I wrote and posted this story back in June of 2008, and the reaction since has been amazing. I’ve received all sorts of comments from people sharing their own personal Gerry Barber stories. These comments can be seen under the original story right here – Tough son of a bitch
He was the meanest, toughest, nastiest bar bouncer in the Hull-Ottawa area, probably the entire country, and my friends and I hold the tremendous honour of being thrown down the stairs by him.
We weren’t the first and we weren’t the last, but at least I can tell my grandkids someday that I once got tossed around like a pillow by the great Gerry Barber.
He wasn’t a giant of a man, this Gerry Barber, maybe five feet, 10 inches and maybe 250 pounds, but he took on all comers – drunken bikers a handful at a time, snotty teenaged kids with one too many quarts of beer in their gut, and shady characters toting guns and knives.
He broke up fights nightly at the Chaudiere Club, busted a lot of heads, and had his own head cracked open several times from pipes and other things that would damage you and me much more than him. Absolutely, Gerry Barber was one tough mother.
The Chaudiere Club sat alone on the road that led from Hull to Alymer on the Quebec side of the river across from Ottawa. It was a testament to a golden era, a massive dirty-white, two-story club built in the 1930s, and it was a monolithic marvel of balconies, rooms, and murals. In its prime, it was one of the finest jazz and swing night spots found anywhere.
Louis Armstrong, Gene Krupa, the Inkspots, Duke Ellington, they all played this house affectionately called the Chaud, and folks came from all over the Ottawa Valley tossed their fedoras and mink shawls aside and swung the night away.
But the Chaud, beginning in the 1960s, took a hardcore turn as music and minds changed, and toughs from all over began to make it their beer-soaked clubhouse. Fights, loud arguments, passing out at tables, stabbings, and angry confrontations in the parking lot all came along.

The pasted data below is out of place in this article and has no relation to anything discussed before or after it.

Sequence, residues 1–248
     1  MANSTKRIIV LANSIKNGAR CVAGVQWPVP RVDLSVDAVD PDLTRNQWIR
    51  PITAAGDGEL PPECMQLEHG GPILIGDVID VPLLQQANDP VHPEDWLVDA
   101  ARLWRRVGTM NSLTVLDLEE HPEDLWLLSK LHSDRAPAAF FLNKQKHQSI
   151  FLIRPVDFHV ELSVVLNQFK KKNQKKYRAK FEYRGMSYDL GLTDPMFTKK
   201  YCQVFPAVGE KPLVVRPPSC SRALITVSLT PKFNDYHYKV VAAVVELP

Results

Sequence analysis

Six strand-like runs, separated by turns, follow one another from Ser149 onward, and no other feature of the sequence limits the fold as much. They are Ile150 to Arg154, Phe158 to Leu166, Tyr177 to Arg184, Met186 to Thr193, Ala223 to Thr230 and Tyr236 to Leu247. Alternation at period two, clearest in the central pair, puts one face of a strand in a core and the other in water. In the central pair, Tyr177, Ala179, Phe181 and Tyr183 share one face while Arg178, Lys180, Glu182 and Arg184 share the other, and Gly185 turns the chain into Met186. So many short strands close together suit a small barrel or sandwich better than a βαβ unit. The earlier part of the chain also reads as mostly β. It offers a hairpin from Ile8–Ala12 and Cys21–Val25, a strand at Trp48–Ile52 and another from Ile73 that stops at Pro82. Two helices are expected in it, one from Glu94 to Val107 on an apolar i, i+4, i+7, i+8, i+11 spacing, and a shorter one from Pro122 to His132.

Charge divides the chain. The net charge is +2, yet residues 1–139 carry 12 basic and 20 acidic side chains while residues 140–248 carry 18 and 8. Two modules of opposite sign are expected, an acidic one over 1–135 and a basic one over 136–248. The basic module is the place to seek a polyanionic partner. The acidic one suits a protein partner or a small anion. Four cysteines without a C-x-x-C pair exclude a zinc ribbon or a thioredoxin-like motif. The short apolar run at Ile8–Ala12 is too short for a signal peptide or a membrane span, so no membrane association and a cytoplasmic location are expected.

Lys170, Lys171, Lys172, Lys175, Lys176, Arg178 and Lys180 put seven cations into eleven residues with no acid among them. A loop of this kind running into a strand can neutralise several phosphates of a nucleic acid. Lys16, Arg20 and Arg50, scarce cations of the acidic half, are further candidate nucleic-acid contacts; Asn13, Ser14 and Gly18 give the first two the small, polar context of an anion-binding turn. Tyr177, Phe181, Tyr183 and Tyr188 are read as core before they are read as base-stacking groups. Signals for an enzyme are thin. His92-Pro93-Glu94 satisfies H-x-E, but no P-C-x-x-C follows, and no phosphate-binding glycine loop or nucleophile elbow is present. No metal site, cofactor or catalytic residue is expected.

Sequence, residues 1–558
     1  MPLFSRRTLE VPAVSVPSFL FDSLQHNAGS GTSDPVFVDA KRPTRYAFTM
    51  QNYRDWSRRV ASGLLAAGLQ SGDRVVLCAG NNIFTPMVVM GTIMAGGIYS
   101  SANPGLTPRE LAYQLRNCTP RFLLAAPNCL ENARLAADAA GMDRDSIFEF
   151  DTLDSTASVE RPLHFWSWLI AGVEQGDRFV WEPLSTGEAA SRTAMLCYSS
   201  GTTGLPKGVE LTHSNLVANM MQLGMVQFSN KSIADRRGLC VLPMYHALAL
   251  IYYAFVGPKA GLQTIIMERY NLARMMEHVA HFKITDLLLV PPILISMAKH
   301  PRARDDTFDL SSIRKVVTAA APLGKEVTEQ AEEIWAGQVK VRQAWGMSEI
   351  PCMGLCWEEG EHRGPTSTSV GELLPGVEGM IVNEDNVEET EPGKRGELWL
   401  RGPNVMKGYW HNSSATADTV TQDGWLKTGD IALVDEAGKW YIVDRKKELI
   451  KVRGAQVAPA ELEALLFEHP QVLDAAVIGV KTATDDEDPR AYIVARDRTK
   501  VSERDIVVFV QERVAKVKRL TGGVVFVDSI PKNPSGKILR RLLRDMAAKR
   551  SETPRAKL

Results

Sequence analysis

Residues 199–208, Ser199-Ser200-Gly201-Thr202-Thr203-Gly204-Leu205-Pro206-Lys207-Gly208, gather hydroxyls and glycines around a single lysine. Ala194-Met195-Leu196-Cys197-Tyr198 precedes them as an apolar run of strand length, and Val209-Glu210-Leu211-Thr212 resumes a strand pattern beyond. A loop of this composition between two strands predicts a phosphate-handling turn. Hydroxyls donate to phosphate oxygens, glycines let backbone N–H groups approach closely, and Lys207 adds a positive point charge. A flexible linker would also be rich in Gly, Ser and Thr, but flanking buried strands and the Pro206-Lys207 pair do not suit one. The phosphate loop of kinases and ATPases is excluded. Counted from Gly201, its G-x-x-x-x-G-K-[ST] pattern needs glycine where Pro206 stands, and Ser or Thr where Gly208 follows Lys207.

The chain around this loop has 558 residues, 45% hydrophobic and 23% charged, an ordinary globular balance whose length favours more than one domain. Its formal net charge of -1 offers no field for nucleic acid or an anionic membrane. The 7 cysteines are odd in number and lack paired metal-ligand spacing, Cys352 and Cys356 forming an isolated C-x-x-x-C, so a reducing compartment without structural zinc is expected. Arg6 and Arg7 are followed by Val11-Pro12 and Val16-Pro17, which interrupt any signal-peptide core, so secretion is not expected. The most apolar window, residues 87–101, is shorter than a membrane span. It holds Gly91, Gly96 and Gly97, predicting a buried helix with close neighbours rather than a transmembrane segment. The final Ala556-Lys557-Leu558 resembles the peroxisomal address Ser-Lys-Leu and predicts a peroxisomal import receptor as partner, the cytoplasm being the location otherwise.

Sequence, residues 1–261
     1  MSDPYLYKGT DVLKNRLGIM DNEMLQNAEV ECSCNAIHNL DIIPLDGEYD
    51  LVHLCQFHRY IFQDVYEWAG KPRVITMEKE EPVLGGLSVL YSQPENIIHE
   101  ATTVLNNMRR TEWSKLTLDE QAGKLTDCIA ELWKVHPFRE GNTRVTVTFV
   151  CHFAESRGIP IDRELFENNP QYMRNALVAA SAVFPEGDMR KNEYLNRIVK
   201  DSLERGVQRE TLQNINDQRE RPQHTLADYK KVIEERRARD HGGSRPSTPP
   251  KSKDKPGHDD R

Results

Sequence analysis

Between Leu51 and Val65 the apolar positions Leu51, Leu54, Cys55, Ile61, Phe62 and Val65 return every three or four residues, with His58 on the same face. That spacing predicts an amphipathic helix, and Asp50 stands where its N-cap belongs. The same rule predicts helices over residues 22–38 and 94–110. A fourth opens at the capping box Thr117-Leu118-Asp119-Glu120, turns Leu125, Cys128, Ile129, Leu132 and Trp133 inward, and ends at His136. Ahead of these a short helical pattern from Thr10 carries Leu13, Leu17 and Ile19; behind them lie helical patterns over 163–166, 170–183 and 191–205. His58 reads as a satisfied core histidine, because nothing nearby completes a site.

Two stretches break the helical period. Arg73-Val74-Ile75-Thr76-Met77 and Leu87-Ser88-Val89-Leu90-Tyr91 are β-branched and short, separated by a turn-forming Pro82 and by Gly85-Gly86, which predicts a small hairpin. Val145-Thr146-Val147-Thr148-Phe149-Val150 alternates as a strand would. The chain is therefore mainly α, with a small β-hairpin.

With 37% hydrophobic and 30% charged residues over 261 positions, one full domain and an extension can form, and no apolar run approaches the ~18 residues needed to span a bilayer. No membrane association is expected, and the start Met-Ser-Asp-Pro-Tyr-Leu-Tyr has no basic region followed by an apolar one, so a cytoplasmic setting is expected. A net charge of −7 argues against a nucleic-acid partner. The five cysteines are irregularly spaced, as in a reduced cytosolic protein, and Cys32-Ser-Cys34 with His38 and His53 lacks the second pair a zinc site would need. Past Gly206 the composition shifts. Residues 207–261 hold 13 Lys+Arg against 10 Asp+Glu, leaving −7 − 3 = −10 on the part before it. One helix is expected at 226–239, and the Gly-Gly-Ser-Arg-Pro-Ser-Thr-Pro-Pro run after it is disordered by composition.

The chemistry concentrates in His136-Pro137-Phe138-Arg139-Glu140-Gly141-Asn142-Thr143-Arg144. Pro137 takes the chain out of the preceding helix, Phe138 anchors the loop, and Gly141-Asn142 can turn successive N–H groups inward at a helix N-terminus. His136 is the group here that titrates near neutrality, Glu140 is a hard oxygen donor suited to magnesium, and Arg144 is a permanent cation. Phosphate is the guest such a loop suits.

Luckily, so did Gerry Barber.
It didn’t matter how many he had to throw out, he just threw them out. Anybody. Any amount. Any time. He did his damage with sheer power, and was willing to takes great cracks on the head and knuckles on his nose to get the job done. And he’d return the favour.
Gerry Barber’s reputation grew. National magazine write-ups, stories in the Ottawa papers. Curious profiles. Several years ago, Ottawa Sun columnist Earl McRae held a long and fascinating poll with his readers to determine Ottawa’s toughest man ever. Yep, Gerry Barber won.
That’s why being thrown down the stairs at the Chaud by the great Gerry Barber is such an honour for me. I don’t remember what my friends and I had done to deserve the treatment, but guessing that we were young, obnoxious, drunken morons would be a really good guess.
Gerry Barber has been gone many years now, but I’m sure he’s still talked about with reverence and awe in the Ottawa area. The Chaudiere’s gone now too, levelled by a wrecking ball that was probably almost as hard as Barber’s fist and head. Now, for those who partied there, all that’s left are memories, several scars, and a few missing teeth.
The Chaud really had something when it had Gerry Barber to keep things in line. The place might have been out of control if it wasn’t for him. He not only rearranged noses, but he probably saved many lives by booting them out head-first into the parking lot before the worst could happen.
He was a man who can be an inspiration for all bouncers who decide to be the best they can be. Just don’t try to be like him, because you could get hurt. And I don’t want to get thrown down any more stairs.